-Author name in bold denotes the presenting author
-Asterisk * with author name denotes a Non-ASH member
Clinically Relevant Abstract denotes an abstract that is clinically relevant.

PhD Trainee denotes that this is a recommended PHD Trainee Session.

Ticketed Session denotes that this is a ticketed session.

1241 Predictors of Diagnostic Delays and Loss to Follow-up in Women with Von Willebrand DiseaseClinically Relevant Abstract

Program: Oral and Poster Abstracts
Session: 322. Disorders of Coagulation or Fibrinolysis: Clinical and Epidemiological: Poster I
Hematology Disease Topics & Pathways:
Research, Bleeding and Clotting, adult, Clinical Research, Diseases, VWD, Adverse Events, Study Population, Human
Saturday, December 9, 2023, 5:30 PM-7:30 PM

Jaclyn Shelton, MD1*, Michelle Millions, MD1*, Roy Khalife, MD, MHPE2 and Haowei (Linda) Sun, MD, MHSc3

1Department of Medicine, University of Alberta, Edmonton, AB, Canada
2Department of Medicine, University of Ottawa, Ottawa, ON, Canada
3Division of Hematology, Department of Medicine, University of Alberta, Edmonton, AB, Canada

Background: Diagnostic and treatment delays in von Willebrand disease (vWD) disproportionately affect women. Such delays may lead to poor health outcomes from preventable bleeding complications related to menstruation, childbirth, and surgeries. They may also result in increased health resource utilization, including increased emergency department (ED) visits, transfusions, and surgical interventions. Patient and disease-related factors associated with diagnostic delays and loss to follow-up have been poorly documented, but are important to examine particularly in relation to gynecological outcomes.

Aims: 1) To examine the prevalence and predictors of diagnostic delays and loss to follow-up in women with vWD. 2) To assess the impact of diagnostic delays on rates of ED visits, red cell transfusions, and hysterectomies.

Methods: This retrospective cohort study included women ≥18 years with a diagnosis of vWD followed by the Northern Alberta Bleeding Disorders Program. Diagnostic delay was determined from the time of first documented bleeding event to the time of vWD diagnosis, with delayed diagnosis defined as >5 years. All bleeding events on the ISTH-BAT were included in the above definition, except for easy bruising due to its subjectivity and suboptimal documentation. Loss to follow-up was defined as ≥5 years since last hematology visit at the time of data collection. We collected the following patient and disease-related factors: age, rural status, year of diagnosis (pre-2000, 2000-2010, or 2011-2021), vWD type, baseline vWF activity, ISTH-BAT, family history of vWD, abnormal coagulation screen (INR/aPTT) prior to diagnosis, and status-post endometrial ablation or hysterectomy. Logistic regression was used to assess predictors of diagnostic delays and loss to follow-up. Research ethics approval was obtained.

Results: We included 173 women: 140 (81%) type 1, 23 (13%) type 2, 5 (3%) type 3, and 5 (3%) platelet-type vWD. The median age of diagnosis was 27 years (IQR 18-38). The median time from first bleeding symptom to vWD diagnosis was 12.1 years (IQR 4.6-24.2), with 66 (38%) women presenting with ≥3 bleeding events prior to diagnosis. Further, 71 (41%) presented with ≥1 severe bleeding event (requiring ED visit, hospitalization, red cell transfusion, or surgical hemostasis) prior to diagnosis.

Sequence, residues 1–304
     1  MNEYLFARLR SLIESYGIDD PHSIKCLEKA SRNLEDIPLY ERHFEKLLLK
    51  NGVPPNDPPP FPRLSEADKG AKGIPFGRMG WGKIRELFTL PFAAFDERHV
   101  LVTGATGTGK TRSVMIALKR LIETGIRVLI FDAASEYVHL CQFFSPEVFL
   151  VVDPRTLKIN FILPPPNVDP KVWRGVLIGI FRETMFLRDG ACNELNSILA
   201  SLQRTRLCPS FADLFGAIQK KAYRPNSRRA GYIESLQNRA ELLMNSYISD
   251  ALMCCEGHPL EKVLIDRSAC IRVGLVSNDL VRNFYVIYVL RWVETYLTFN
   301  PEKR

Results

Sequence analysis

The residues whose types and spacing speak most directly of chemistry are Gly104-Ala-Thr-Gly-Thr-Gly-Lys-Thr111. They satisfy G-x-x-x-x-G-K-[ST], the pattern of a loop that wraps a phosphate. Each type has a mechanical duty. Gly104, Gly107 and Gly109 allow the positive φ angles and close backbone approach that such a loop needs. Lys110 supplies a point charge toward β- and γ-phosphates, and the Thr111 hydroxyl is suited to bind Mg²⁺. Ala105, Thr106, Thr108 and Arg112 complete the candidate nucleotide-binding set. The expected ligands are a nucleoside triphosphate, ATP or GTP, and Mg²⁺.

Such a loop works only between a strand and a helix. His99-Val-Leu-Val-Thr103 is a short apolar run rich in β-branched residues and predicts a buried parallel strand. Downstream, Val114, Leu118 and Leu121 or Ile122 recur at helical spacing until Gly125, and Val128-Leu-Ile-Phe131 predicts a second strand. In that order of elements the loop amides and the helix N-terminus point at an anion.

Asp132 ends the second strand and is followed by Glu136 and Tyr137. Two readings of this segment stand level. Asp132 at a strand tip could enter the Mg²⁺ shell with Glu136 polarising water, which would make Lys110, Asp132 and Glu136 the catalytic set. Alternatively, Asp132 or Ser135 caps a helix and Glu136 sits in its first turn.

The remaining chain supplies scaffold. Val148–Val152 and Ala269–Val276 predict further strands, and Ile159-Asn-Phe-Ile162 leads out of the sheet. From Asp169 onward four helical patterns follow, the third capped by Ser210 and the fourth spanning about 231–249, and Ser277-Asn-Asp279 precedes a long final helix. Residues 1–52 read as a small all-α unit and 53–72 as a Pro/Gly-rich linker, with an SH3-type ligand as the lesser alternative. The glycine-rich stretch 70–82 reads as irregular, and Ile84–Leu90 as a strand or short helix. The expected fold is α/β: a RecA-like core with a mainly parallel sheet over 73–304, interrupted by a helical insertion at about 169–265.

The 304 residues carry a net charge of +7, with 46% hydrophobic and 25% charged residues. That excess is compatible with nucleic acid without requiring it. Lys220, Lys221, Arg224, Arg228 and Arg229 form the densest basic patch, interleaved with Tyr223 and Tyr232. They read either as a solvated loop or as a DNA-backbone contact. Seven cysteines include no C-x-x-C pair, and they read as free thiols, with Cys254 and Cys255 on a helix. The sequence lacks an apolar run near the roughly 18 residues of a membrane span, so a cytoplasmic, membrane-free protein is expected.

Timing from first bleeding symptom to diagnosis was available in 154 (89%) women, of whom 113 (73%) experienced delayed diagnosis. Compared to women with delayed diagnosis, those diagnosed within 5 years of their first bleeding symptom were more likely to have a known family history of vWD (51% vs 26%, P=0.01) or have been diagnosed between 2000-2010 (56% vs 33%, P=0.002). Urban/rural residence, vWD type, baseline vWF activity, blood type, and abnormal coagulation screen were not significantly associated with diagnostic delays (Table 1).

Of the 155 patients with available follow-up data, 44 (28%) were lost to follow-up for ≥5 years. Only rural residence (OR 1.8, 95% CI 0.9-5.3, P=0.07) trended towards higher odds of loss to follow-up. Age, year of diagnosis, vWD type, baseline vWF activity, ISTH-BAT, and prior hysterectomy/ablation status were not associated with loss to follow-up.

Women with diagnostic delays had a significantly higher ISTH-BAT (median 7 vs 5, P=0.005). They also had significantly higher rates of hysterectomies for heavy menstrual bleeding (HMB; 20% vs 0%, P=0.0006), as well as a non-significant trend towards higher rates of dilatation and curettage (D&C; 12% vs 2%, P=0.11) and endometrial ablations (12% vs 5%, P=0.36) (Table 2). 17 women underwent surgical procedures for HMB (D&C, endometrial ablation, and/or hysterectomy) prior to their vWD diagnosis.

Conclusion: Women with vWD often experience prolonged diagnostic delays. In our study, many women had bleeding symptoms for at least 5 years, and often greater than 10 years, prior to diagnosis. There was also a high rate of loss to follow-up, particularly in rural populations. Delayed diagnosis occurred even in women with a known family history of vWD and in women with severe bleeding events. Alarmingly, the rate of delayed diagnosis increased over time and was associated with higher rates of surgical interventions for HMB. For this reason, a high index of suspicion is paramount to ensure a prompt diagnosis of vWD, as this may prevent severe gynecological bleeding complications and their need for invasive surgical management.

Disclosures: Sun: Pfizer: Honoraria; Sanofi: Honoraria; Sobi: Honoraria; Shire: Honoraria; Takeda: Honoraria.

*signifies non-member of ASH